Tuesday, May 09, 2006


So, I'm reading my introduction to the Oxford Movement so I can figure out how to research my paper on the Oxford Movement. This is admittedly an activity toward which I'm favorably disposed, but it seems to me that a lot of this history sounds remarkably familiar. Take the following, for instance - if I remove all the period markers from this paragraph, it sounds equally applicable to today (non-inclusive language notwithstanding):
"men who had been colleagues suddenly found that they had to choose between friends and the Church which had nurtured them. ...those who had converted felt the need to persuade others to join them. Because they knew intimately the Church..., converts were able to attack its weak points. As a result, many... felt beleaguered. This was further exacerbated by the attitude of the authorities of the Church..., which appeared... to be saying sternly to unsettled men that they should go, whilst simultaneously the [other] Church... seemed to be beckoning and welcoming."*

It's an imperfect analogy, but it rings true for me.

*Credit where credit is due: this is from Michael Chandler's book An Introduction to the Oxford Movement.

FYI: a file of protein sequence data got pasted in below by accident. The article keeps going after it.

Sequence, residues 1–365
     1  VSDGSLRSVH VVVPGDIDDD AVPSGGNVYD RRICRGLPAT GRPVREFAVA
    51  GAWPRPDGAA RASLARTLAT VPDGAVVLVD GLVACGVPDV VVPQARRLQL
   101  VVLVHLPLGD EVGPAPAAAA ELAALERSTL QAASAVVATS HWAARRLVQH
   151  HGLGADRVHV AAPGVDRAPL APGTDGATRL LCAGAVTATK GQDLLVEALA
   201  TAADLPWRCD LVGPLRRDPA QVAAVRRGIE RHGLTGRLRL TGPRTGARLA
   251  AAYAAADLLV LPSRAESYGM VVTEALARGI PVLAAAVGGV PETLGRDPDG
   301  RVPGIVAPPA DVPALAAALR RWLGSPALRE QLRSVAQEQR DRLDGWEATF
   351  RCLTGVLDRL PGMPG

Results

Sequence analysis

The young fogey said...

What a wonderful subject to study!

Sorry if I'm being thick, but who are the beleaguered minority, their opponents and other Church today in your analogy?

Beth said...

I imagine any number of people would have any number of interpretations of that analogy - I leave it open for all of them. I wanted mostly to call attention to the rhetoric itself, as it's the sort of thing I hear from left and right and moderate, gay and straight and bisexual, separatists on both sides and Anglican-communion-junkies and any number of people.

Mark J. said...

You could almost hand that quote to any group on any of the hottest issues today, and they'd associate themselves with the "beleaguered minority," and the "other side" with the "opponents."

The young fogey said...

Thanks for your thoughtful answer. Of course from my end it seems that after several ups and downs (these times being among the latter) nothing much has changed for the Catholic Movement in 150+ years! But I see your and Mark's point.